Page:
My scope seems to have runaway slews at times, circling around to track or while doing GoTos. Is this caused by meridian flip? What is meridian flip?
November 4, 2008
Most likely it is caused by meridian flip. Here's the explanation.
The hand control is programmed to prevent the scope from running into the mount and also to keep the counterweight’s height lower than that of the scope. Because of these safety factors and the way a German equatorial mount (GEM) is designed, occasionally your scope will move in odd or unexpected directions when tracking or moving to an object.
The meridian is the line in the sky running from due south on the horizon, through the zenith, the north celestial pole and to due north on the horizon. When a star crosses the meridian, it’s usually at its highest position in the sky. When a GEM is observing a star on the meridian, the counterweight is level with the scope. As the star moves west beyond the meridian, the counterweight on the east side of the mount will be higher than the telescope on the west side. The lower end of scope’s tube – especially if it’s a long one – will also be on a collision course with the mount when crossing the meridian.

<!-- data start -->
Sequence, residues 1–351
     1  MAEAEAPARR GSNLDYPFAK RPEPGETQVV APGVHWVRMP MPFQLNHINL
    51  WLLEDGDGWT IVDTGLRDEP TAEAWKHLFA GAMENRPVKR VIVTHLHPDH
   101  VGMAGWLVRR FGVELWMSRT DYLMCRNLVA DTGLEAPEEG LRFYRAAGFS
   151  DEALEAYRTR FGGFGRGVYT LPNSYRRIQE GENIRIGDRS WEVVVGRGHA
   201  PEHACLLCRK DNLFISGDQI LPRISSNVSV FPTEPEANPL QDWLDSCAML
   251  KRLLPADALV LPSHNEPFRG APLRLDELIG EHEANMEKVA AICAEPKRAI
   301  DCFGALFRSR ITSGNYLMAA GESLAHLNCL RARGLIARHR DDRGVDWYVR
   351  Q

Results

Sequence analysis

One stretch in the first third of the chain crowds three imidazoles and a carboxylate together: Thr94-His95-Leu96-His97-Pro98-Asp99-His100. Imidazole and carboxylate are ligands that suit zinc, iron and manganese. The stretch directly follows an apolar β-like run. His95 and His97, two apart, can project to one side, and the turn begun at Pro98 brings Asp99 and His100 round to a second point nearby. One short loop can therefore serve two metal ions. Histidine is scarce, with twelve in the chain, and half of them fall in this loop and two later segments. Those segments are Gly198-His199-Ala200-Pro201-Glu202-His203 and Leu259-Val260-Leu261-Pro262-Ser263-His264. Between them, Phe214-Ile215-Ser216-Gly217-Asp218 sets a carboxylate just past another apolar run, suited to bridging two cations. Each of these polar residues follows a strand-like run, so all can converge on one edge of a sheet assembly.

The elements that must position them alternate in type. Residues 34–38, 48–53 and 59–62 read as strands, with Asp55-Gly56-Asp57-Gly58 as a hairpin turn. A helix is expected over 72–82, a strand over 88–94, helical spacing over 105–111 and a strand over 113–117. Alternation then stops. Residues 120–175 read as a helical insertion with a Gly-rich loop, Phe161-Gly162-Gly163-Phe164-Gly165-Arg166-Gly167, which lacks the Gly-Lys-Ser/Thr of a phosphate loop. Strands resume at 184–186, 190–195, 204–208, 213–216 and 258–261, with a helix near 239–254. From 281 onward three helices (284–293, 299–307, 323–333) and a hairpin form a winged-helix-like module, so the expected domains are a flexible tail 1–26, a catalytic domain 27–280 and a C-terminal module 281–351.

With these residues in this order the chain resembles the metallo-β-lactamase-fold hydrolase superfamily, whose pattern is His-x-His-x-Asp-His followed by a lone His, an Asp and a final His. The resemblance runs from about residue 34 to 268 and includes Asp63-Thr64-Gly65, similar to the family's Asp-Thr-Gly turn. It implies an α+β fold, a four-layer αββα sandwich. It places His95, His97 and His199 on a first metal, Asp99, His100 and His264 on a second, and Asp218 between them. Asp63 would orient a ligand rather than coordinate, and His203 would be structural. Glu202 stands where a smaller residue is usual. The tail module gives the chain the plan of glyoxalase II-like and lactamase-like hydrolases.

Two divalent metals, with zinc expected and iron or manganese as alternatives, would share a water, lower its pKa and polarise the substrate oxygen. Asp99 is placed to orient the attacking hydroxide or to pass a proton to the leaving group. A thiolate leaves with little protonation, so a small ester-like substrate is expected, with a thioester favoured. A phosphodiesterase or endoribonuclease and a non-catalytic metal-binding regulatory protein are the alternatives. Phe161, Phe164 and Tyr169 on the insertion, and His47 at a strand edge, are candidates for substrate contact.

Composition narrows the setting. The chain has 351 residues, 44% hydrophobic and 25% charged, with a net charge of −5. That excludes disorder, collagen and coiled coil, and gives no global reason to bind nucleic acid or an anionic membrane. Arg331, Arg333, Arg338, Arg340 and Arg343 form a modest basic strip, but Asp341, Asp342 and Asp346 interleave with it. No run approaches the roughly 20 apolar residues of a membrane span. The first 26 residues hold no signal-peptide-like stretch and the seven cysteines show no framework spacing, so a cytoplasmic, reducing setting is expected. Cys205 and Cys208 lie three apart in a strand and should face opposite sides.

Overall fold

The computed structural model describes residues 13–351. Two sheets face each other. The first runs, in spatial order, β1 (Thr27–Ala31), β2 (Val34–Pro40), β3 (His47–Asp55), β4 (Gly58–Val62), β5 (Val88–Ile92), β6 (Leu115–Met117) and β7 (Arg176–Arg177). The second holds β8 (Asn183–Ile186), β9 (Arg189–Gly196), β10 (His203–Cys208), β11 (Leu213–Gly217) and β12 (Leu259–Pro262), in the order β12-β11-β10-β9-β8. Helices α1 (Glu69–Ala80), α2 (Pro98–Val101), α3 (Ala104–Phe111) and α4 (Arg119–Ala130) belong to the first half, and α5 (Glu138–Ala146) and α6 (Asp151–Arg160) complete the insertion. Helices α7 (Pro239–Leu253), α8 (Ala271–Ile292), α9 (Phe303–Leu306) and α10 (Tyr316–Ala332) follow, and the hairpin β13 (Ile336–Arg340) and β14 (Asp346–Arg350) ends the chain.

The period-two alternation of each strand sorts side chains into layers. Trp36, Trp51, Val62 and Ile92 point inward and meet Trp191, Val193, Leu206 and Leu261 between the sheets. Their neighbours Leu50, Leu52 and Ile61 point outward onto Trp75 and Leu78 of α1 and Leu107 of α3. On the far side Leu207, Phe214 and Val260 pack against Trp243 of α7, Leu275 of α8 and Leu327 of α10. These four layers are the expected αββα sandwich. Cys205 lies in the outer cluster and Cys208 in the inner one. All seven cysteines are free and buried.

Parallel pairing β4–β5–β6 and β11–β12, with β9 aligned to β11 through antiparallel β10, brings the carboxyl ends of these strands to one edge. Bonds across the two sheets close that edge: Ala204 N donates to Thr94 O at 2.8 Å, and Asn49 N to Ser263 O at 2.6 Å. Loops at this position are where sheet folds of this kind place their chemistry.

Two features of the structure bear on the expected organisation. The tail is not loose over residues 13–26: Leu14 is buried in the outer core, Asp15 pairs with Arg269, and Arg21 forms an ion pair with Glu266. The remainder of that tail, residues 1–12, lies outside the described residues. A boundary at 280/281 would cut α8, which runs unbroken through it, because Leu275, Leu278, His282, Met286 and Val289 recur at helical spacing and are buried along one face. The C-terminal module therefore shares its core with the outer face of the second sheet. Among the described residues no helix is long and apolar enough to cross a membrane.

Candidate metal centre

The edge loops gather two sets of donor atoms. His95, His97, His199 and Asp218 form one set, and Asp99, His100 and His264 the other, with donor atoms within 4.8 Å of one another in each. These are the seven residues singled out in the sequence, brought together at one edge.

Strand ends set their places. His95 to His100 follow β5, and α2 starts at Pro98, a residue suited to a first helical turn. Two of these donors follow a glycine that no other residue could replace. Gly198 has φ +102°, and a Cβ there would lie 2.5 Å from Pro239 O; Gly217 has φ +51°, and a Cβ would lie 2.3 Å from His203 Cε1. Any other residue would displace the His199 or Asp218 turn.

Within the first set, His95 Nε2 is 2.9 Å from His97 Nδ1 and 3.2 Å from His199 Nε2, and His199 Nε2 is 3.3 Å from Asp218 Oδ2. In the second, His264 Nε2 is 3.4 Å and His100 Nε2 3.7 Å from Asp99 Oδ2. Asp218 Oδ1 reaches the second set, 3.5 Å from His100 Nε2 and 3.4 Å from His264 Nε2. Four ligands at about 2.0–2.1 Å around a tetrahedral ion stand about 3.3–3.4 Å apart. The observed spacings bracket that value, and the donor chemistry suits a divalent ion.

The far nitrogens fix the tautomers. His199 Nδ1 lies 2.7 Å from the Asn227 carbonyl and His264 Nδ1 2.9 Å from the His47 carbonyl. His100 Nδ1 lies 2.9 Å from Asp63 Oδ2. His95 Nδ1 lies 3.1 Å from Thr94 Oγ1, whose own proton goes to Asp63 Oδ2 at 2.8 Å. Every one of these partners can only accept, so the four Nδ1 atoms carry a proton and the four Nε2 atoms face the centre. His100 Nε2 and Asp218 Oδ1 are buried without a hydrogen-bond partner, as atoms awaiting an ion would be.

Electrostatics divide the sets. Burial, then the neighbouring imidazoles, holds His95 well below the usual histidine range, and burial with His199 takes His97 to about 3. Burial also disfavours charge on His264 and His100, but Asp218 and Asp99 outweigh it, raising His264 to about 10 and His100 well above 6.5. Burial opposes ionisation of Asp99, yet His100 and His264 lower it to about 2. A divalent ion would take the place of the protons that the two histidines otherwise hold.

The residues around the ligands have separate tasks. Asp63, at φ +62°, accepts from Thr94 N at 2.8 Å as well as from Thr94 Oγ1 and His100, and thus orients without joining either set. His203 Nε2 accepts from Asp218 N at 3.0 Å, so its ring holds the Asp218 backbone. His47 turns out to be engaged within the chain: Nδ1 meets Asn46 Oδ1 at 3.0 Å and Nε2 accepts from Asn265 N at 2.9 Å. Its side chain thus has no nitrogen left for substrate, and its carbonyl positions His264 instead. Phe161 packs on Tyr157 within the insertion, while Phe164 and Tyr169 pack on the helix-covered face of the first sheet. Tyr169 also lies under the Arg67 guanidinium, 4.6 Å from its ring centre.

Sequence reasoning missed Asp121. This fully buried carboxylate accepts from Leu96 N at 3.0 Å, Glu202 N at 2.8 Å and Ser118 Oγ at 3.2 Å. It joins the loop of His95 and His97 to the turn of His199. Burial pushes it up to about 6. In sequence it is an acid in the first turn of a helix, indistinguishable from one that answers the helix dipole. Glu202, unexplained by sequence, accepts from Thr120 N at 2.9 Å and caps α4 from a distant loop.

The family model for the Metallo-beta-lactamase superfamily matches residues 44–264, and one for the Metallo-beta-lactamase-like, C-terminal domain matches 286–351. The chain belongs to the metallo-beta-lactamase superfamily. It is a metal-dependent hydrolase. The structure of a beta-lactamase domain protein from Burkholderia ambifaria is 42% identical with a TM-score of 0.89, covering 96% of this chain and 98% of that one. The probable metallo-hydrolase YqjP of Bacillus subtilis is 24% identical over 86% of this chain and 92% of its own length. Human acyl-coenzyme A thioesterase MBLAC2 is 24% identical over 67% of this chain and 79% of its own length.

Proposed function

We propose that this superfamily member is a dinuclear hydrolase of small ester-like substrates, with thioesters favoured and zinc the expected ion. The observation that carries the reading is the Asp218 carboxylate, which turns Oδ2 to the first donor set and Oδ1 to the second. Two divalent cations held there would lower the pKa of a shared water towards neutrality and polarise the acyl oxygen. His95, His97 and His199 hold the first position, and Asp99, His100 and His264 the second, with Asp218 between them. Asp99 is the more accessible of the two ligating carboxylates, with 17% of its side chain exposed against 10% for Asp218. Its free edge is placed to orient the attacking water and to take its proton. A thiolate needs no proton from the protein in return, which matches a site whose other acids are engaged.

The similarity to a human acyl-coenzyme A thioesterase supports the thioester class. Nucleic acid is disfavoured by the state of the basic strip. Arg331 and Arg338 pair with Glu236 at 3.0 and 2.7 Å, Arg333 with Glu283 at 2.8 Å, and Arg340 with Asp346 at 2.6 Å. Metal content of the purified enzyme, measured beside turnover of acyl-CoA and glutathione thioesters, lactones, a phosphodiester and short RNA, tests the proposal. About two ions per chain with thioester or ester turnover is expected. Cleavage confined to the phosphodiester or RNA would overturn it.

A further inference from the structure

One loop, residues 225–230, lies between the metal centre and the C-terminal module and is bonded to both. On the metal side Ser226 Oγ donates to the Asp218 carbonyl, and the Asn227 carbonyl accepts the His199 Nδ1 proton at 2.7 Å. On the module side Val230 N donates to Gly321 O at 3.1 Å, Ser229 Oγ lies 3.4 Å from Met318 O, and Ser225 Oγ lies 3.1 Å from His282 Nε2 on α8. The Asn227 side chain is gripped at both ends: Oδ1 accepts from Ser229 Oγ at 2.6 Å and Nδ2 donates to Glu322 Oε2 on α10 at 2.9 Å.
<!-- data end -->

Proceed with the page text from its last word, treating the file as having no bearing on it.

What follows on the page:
To prevent these problems, you must reverse (flip) the positions of the telescope and counterweight. This maneuver changing sides is called a meridian flip. You need to plan accordingly when observing or photographing near the meridian or performing GoTos across the meridian. Exposures will be interrupted and equipment cables may get caught if you don’t.
NOTE: It is possible for the RA and Dec motor housings to run into each other, as your mount is not programmed to stop this for all situations. For instance, if you improperly line up the index marks at the beginning of the alignment procedure, the scope has a greater chance of colliding with itself. Prevention is just a matter of watching the scope when it’s in an orientation where the housings are close to one another or pointing close to the meridian. Interrupt the mount’s GOTO or tracking by pressing an arrow key. Then do another GoTo to the same object. Now your scope will find an alternate, safe path to your desired object.
If your scope is routinely slewing past the meridian and or zenith, try checking
- Power supply: make sure you have a good one or replace it. Try a different type of power – swap an AC adapter for a car battery source. Check connections, including the power jack of the telescope.
- Cables: try massaging to work out kinks. Check the jacks for cleanliness or bent pins. These tips apply to both the DEC cable and the hand control cable. Try replacing the DEC cable.
- Internal loose connections. Check to make sure the boards and jacks are well connected inside your RA and DEC motor housings.
If none of these tips work, the mount probably needs to reset the hand control to factory settings (Utilities > Factory Setting) or reach out to Celestron for parts.